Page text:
Tonight at NAS: Communicating about Evolution
Matthew C. Nisbet, Ph.D. is Associate Professor of Communication Studies, Public Policy, and Urban Affairs at Northeastern University. Nisbet studies the role of communication and advocacy in policymaking and public affairs, focusing on debates over over climate change, energy, and sustainability. Among awards and recognition, Nisbet has been a Visiting Shorenstein Fellow on Press, Politics, and Public Policy at Harvard University's Kennedy School of Government, a Health Policy Investigator at the Robert Wood Johnson Foundation, and a Google Science Communication Fellow. In 2011, the editors at the journal Nature recommended Nisbet's research as “essential reading for anyone with a passing interest in the climate change debate,” and the New Republic highlighted his work as a “fascinating dissection of the shortcomings of climate activism."
For DC readers, as part of a spring lecture series on evolution and medicine sponsored by NIH and the National Academies, I will be speaking tonight at 7pm at the National Academy of Sciences Auditorium at 2101 Constitution Avenue, NW (adjacent to the State Department and National Mall.) Go here for more information on the free talk.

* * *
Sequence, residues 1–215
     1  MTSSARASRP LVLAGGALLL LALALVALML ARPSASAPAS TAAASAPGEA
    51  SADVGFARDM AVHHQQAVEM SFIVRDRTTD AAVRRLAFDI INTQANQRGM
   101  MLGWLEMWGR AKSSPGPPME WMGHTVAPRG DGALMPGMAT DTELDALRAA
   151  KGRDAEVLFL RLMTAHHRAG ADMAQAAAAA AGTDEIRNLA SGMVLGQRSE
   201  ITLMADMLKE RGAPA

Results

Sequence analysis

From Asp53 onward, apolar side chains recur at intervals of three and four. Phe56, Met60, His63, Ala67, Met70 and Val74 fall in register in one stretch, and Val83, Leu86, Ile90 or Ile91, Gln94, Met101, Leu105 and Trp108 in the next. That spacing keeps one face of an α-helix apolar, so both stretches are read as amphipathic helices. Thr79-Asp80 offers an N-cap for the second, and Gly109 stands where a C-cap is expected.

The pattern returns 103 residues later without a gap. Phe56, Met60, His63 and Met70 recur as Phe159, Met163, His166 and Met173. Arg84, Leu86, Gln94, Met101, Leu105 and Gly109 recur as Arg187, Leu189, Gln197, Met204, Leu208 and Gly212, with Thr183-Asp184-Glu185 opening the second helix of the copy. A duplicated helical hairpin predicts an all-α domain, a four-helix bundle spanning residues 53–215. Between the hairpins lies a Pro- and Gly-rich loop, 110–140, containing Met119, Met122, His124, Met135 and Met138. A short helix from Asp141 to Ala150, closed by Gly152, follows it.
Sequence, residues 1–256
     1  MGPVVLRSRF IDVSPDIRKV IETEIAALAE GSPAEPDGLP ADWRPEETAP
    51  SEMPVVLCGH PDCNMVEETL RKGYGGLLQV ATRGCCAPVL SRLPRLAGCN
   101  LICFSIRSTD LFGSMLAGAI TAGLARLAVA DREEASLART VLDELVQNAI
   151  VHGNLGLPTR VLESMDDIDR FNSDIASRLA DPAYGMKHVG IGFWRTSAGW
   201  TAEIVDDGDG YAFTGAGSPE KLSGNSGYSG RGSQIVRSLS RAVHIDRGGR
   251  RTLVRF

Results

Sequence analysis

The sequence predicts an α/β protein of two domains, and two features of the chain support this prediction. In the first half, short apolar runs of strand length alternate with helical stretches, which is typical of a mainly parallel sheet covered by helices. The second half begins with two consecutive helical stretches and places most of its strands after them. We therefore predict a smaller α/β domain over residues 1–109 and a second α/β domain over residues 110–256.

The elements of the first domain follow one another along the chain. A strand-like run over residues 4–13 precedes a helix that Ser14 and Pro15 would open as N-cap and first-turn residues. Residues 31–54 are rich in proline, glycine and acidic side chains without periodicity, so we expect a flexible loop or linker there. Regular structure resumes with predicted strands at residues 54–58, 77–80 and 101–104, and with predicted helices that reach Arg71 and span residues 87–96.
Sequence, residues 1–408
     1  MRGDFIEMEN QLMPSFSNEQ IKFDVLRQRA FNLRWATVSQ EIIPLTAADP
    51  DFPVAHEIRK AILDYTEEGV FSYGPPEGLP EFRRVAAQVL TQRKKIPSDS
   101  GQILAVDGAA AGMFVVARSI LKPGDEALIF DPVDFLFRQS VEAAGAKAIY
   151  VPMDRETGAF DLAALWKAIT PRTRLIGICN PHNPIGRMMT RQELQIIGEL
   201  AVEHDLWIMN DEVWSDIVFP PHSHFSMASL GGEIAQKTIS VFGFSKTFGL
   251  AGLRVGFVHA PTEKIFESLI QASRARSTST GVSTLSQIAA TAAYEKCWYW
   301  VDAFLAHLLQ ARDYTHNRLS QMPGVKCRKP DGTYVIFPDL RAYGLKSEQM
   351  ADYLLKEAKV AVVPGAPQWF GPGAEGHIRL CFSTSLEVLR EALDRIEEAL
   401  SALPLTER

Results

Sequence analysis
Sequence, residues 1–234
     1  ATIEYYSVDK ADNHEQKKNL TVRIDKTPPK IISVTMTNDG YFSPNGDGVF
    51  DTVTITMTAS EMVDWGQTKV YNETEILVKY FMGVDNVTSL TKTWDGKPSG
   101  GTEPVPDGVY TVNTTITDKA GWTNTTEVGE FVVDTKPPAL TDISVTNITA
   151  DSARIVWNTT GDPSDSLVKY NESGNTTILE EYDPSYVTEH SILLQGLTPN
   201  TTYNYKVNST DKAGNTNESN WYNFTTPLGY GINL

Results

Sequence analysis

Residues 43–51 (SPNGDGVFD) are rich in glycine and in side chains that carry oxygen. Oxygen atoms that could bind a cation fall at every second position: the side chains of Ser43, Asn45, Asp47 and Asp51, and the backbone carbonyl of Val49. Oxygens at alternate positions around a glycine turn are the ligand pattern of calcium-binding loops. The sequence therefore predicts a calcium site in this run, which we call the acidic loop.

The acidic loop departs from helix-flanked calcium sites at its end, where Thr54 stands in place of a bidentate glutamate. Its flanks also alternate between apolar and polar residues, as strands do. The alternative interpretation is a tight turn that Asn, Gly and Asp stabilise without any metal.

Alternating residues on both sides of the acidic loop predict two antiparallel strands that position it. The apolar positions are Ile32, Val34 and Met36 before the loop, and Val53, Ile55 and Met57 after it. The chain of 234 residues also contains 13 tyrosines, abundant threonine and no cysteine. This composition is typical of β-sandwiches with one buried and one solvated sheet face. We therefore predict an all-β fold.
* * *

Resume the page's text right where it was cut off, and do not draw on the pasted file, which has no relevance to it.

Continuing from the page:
The topic of the lecture is "Communicating about Evolution" and I will be discussing themes covered in recent articles and forthcoming book chapters. I previewed some of these themes in video interview segments last year with Big Think.
Here is a synopsis from the NIH site on the series:
April 13 - Communicating About Evolution
How can scientists and lovers of science communicate effectively with students and the public? Long gone is the assumption that mountains of evidence are sufficient to change opinions. Instead, Matthew Nisbet argues that scientists need to understand audiences' worldviews and values. He outlines methods for engaging diverse audiences around the meaning and implications of evolutionary sciences.
Dr. Matthew Nisbet is Assistant Professor in the School of Communication at American University. He has conducted research and written extensively about communication dynamics in policy debates.
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